a. The topic
Evaluate your class curriculum and select a lesson(s) that you would like to improve, that is suited to Web-based research, that requires deep understanding and comprehension, and that you would be interested in developing into a WebQuest. Use these sites to help you decide on a topic.
Define the task at hand. What problem will the students tackle in the WebQuest? What project would assess student understanding? Outline what the students will need to be able to do and understand to be able to create the final project. List the steps it will take for them to go through the process. Check this site for guidelines on choosing a task.
Search for and evaluate the Web sites that you will guide your students to use for the WebQuest. Define the roles of each student in the group, as well as which sites are appropriate for which role. These sites can help you choose Web sites for your students to explore.
a. Decide on the layout/template/design for your WebQuest and begin to create it. Bernie Dodge created a design pattern guide to assist teachers in planning the best format for their WebQuest. There are also links to templates that fit each design pattern. Place your WebQuest materials into the appropriate section of the chosen design template (or in your word processor following the general WebQuest formula).
Conclusion Mazal tov ! You have created a WebQuest, which is one way to integrate technology into your classroom. Now you must publish your WebQuest to the World Wide Web or save it to disk and run it on a computer via the disk. The possibilities for where to publish it include the congregations or schools Web site (as is done here), personal Web space, free Web space or through an education site with a database to store WebQuests. See the appendix in the Gmilut Chasadim section below for more information about how to post your WebQuest.
Do not forget to use what you have created with your students, evaluate the lesson and continue to revise your WebQuest (as well as keeping the links to Internet sites up to date). Bernie Dodge wrote that the first WebQuest you create takes the longest and is the hardest. After this first attempt, it will be much easier for you. Enjoy creating the WebQuests and watching your students learn through them.
Since 1995 teachers have been embracing the use of WebQuests for student learning throughout the world. The databases and information on them is vast. You only need to go to your favorite search engine, type in WebQuest: topic of your choice and you will find some information. There are other ways to teach using the Internet, but the WebQuest is one of the most developed and well-known. In the next issue of Vshinantam we will discuss another use of the Internet in your class: electronic student portfolios.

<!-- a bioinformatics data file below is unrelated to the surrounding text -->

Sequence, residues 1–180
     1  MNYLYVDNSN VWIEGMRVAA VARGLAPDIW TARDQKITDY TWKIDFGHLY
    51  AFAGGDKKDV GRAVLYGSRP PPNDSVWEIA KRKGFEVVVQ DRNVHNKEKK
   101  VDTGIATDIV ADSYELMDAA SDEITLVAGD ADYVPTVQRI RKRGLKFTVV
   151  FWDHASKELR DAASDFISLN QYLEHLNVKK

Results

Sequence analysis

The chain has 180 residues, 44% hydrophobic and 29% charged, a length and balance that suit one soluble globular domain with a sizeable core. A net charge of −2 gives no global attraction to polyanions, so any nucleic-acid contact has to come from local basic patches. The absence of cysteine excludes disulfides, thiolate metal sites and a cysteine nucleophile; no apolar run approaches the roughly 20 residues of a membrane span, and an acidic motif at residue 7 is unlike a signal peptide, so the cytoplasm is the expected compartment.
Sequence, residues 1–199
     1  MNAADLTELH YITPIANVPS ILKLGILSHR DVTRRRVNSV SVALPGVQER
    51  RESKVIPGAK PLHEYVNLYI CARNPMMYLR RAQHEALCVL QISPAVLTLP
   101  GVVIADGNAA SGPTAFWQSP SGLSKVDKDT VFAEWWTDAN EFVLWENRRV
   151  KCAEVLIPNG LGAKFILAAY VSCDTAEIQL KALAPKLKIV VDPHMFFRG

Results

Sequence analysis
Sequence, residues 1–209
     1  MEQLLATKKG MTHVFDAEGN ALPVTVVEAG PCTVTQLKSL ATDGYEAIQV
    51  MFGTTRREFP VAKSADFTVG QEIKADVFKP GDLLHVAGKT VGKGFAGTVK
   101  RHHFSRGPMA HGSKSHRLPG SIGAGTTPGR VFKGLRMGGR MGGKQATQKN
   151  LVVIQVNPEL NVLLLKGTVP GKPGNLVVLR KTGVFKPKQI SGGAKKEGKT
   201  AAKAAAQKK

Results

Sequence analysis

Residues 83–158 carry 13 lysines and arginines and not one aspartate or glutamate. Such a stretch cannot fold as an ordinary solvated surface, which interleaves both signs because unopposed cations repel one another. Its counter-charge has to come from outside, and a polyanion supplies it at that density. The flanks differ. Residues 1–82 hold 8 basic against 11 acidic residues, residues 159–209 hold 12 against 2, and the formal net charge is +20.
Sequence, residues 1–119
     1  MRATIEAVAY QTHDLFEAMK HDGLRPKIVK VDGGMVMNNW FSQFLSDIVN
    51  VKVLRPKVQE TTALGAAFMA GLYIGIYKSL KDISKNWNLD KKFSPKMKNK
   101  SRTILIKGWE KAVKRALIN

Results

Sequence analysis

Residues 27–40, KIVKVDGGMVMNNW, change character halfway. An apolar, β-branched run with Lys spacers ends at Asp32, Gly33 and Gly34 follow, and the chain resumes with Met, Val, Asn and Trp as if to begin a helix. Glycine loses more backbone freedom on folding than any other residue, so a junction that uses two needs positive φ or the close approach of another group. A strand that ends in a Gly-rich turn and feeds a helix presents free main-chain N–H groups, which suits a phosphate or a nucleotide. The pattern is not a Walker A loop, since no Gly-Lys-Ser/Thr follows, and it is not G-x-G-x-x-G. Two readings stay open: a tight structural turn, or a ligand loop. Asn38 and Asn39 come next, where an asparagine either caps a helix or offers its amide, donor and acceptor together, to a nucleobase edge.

If youd like a disk with a version of this WebQuest using a WebQuest format, please contact Renée Rittner at email@example.com.
For more information about WebQuests visit these sites:
In order to use your WebQuest, you have several options. You can create your document in a word processing or presentation software program (like PowerPoint) with hyperlinked textthat is, so that clicking on certain words or phrases in the document automatically takes the user to a specified location on the Internet. and save it to your computer. Then you can distribute it via e-mail or on disk. Students should view the document on a computer with a live Internet connection.
Posting your WebQuest on the Internet allows students to access it from remote sites and makes your work available to other teachers. On the other hand, posting to a non-secure site could make your WebQuest susceptible to pranks or vandalism. (It is wise to anticipate that many of your students may be more Internet-savvy than you.) Also, posting to a publicly available site means you must be especially careful in following copyright rules for materials used on the site.
There are a few different ways to post WebQuests on the Internet. You may be able to follow the online instructions from the Web space provider that allow you to log on and transfer your information. In other cases you need Web space and software that allows you to use file transfer protocol (FTP) to save your WebQuest onto your Web space. If you are lucky, there may be someone designated to work on IT at your congregation who can help you upload the materials.
One of the easiest ways to develop and post to the Web is to use a WebQuest generator. Using a generator is as easy as typing in the answers to guided questions. No knowledge of HTML is needed. You fill in the blanks and the generator will format the WebQuest for you. Once you click the button to publish or create your WebQuest, the WebQuest will be fully usable from the World Wide Web, and it will have its own Web address that you can share. QuestGarden webquest.org/questgarden/author/is a WebQuest generator for educators that also provides Web hosting for your WebQuest. All WebQuests composed at the site are compiled into a searchable database. Currently the site is free of charge, though a membership fee will be asked for in the future. If you use the site during its trial period your newly created WebQuest will have a permanent home even if you do not pay in the future. On the other hand, once the site goes to a pay site, you will be able to access your WebQuest, but you will no longer be able to modify broken Web links without paying.
If you have knowledge of HTML, then using one of the template formats found online (for example at webquest.sdsu.edu/LessonTemplate.html is a great option. Download your chosen template. Fill in the template using HTML for links, images, etc. and save the revised pages to your hard drive and backup disk. A student would then open the WebQuest start file from disk and run the WebQuest on any computer with a live Internet connection. If you have a flair for creating Web pages from scratch or using Web page publishers to assist you in doing so, you may choose that option as well.